The slide on the 92X Performance Defensive model has the same sawtooth front and rear slide serrations for maximizing your grip when manipulating the slide. The Brigadier slide has internal weight reduction and is factory-ready with a red-dot cut. There are five available plate options that can be purchased from Beretta.
The Beretta 92X Performance Defensive ships with two 15-round magazines, plus an additional set of thicker wraparound-style grips, the adjustable sight tool, mag loader and the usual manuals and lock in a hard-sided case. I purchased extra 17-round magazines, but wasn’t able to get aftermarket basepads in time for the shooting part of the review.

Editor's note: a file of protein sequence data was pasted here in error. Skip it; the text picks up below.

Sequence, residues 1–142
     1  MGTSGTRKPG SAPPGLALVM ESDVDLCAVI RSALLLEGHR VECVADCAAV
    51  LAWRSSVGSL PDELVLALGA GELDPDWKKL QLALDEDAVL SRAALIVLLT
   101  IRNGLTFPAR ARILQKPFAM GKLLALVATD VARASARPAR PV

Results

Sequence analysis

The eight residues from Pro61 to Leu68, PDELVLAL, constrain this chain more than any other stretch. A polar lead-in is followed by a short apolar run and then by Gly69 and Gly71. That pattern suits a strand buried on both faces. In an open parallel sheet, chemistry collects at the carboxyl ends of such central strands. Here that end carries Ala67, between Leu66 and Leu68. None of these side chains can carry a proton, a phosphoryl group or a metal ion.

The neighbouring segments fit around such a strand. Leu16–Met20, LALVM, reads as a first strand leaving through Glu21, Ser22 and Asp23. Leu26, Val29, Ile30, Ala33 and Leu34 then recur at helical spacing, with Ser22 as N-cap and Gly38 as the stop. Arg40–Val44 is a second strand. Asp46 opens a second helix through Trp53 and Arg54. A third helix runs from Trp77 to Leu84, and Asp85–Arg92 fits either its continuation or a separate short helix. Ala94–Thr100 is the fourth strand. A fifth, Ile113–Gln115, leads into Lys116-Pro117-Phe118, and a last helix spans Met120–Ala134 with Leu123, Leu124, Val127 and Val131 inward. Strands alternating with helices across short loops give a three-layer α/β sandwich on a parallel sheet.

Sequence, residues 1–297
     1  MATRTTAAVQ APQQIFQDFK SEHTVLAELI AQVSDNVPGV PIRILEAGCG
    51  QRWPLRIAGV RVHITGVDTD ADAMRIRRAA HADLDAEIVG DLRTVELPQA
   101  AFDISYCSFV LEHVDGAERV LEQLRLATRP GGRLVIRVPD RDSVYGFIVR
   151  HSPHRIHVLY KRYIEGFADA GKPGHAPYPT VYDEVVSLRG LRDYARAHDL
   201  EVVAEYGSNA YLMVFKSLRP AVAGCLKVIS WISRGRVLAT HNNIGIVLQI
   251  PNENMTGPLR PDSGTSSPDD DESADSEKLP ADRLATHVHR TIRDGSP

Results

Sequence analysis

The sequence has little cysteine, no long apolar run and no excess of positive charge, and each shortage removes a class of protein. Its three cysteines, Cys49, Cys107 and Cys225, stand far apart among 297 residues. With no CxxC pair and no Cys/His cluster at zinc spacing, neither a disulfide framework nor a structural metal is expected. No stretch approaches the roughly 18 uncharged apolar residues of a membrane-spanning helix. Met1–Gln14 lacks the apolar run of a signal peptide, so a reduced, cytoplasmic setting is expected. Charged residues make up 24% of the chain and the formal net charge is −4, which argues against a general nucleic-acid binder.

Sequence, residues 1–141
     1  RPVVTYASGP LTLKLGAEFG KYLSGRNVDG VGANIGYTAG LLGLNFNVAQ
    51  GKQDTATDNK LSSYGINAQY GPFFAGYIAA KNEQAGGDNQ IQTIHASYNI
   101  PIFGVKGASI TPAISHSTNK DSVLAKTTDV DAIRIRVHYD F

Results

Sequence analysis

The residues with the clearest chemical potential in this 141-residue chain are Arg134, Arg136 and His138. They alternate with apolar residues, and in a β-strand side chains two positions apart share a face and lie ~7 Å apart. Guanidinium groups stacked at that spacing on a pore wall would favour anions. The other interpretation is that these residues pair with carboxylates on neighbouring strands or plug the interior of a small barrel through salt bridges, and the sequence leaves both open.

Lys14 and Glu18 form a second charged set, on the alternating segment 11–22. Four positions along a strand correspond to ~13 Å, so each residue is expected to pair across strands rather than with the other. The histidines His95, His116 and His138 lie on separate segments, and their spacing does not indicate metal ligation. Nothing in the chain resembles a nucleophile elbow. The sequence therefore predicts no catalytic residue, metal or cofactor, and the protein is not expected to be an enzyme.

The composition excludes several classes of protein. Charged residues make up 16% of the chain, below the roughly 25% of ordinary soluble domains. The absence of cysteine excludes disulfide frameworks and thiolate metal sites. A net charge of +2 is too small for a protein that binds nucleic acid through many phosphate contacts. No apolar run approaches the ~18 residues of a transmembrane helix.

Before I took both the 92X Performance and the 92X Performance Defensive handguns to the range, I weighed them on a digital scale. The Performance with empty 15-round magazine was 48.5 ounces and the Defensive was exactly 45 ounces with the Vortex Razor RDS mounted. I headed to the range to try to duplicate some of the drills that Aron Bright and I ran while testing the 92X Performance model in 2020. I made sure both guns were sighted in and adjusted the Vortex Razor. This was also a chance to break-in the new 92X Performance Defensive model, since it was new from the box.